The virtual world has become so vital to day-to-day life, it’s easy to forget how new all of this technology really is. Do you remember using an encyclopedia as a reference to write a school paper? Or relying on an atlas for directions? Millennials roll their eyes at the absurdity of these questions, while Baby Boomers will get misty thinking about a simpler time. And then there’s Generation X.
Gen Xers had the benefit of computer technology, but without the infinite connectivity of today’s internet. For the most part, they came of age in that glorious window of time known as The 90s. While young enough to understand and embrace today’s tech, Generation X didn’t grow up with it. From beepers to portable CD players, let’s take a look back at the technological ancestors of today’s digital world…
Beepers. Sometime between their early adoption by um, purveyors of the black market and their current role in the medical field, beepers had a few years of widespread popularity. Incapable of sending messages, beepers could only receive them and were further limited by the fact that these messages contained no letters, just numbers. If someone beeped you, you would pull over, find a payphone, pony up a quarter, and call them back. So convenient! (And more so when you don’t hold them upside-down…)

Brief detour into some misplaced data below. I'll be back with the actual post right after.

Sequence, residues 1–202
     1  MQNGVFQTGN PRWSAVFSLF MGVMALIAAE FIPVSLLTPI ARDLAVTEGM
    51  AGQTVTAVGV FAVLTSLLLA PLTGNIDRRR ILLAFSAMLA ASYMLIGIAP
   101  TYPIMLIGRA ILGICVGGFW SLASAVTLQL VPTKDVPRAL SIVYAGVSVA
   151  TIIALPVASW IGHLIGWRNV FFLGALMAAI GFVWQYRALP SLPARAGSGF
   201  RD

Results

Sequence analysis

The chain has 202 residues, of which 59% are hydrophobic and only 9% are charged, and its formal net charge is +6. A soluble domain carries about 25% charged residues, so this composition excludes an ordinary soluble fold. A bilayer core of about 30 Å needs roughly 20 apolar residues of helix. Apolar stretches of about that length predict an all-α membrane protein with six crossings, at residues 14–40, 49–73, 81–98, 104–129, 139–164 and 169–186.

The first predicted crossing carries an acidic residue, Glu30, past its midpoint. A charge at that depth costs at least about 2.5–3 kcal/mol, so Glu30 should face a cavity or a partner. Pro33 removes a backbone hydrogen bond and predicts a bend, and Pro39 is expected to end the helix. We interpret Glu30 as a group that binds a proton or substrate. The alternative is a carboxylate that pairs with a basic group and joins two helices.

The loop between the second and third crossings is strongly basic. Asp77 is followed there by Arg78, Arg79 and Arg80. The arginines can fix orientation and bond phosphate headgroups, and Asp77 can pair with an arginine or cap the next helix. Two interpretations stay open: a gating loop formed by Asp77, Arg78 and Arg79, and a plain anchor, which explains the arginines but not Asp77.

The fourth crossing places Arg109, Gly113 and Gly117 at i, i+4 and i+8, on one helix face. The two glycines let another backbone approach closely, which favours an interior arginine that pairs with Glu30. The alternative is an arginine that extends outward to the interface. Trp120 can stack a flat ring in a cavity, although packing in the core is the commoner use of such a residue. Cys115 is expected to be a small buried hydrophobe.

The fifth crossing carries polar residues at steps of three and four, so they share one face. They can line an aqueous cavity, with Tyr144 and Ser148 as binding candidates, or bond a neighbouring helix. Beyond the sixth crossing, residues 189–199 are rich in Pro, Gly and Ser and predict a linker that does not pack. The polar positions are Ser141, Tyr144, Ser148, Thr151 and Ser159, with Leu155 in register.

Personal Computers. Before the internet, computers were used primarily for word processing. And when compared with typing a paper on an actual typewriter, the word processor was nothing short of a gift from the universe. For starters, you could make a mistake and not have to retype the whole page. Just hit the “Back” button, correct it, and get on with your life. You could save your work on a floppy disk and print it somewhere else! The possibilities were endless. And we’d be remiss if we didn’t mention the games…Millennials will never know the joy of having your entire family die of dysentery on the Oregon Trail.
Discman. Successor to the Walkman, the Discman was a portable CD player. It’s arrival meant you could now enjoy the superior sound quality of a compact disc outside the comfort of your own home. No more messing with the fast-forward or rewind buttons of a tape player; your Discman could jump right to the track you wanted to listen to. It was an amazing leap forward for music and a cool gadget that was so small, it almost fit into your back pocket. Except no one tried to put it in their pocket because you had to hold it completely level for it to work.
Are you part of Generation X? What was your favorite pre-internet gadget? Tell us in the comments section or on our Facebook page!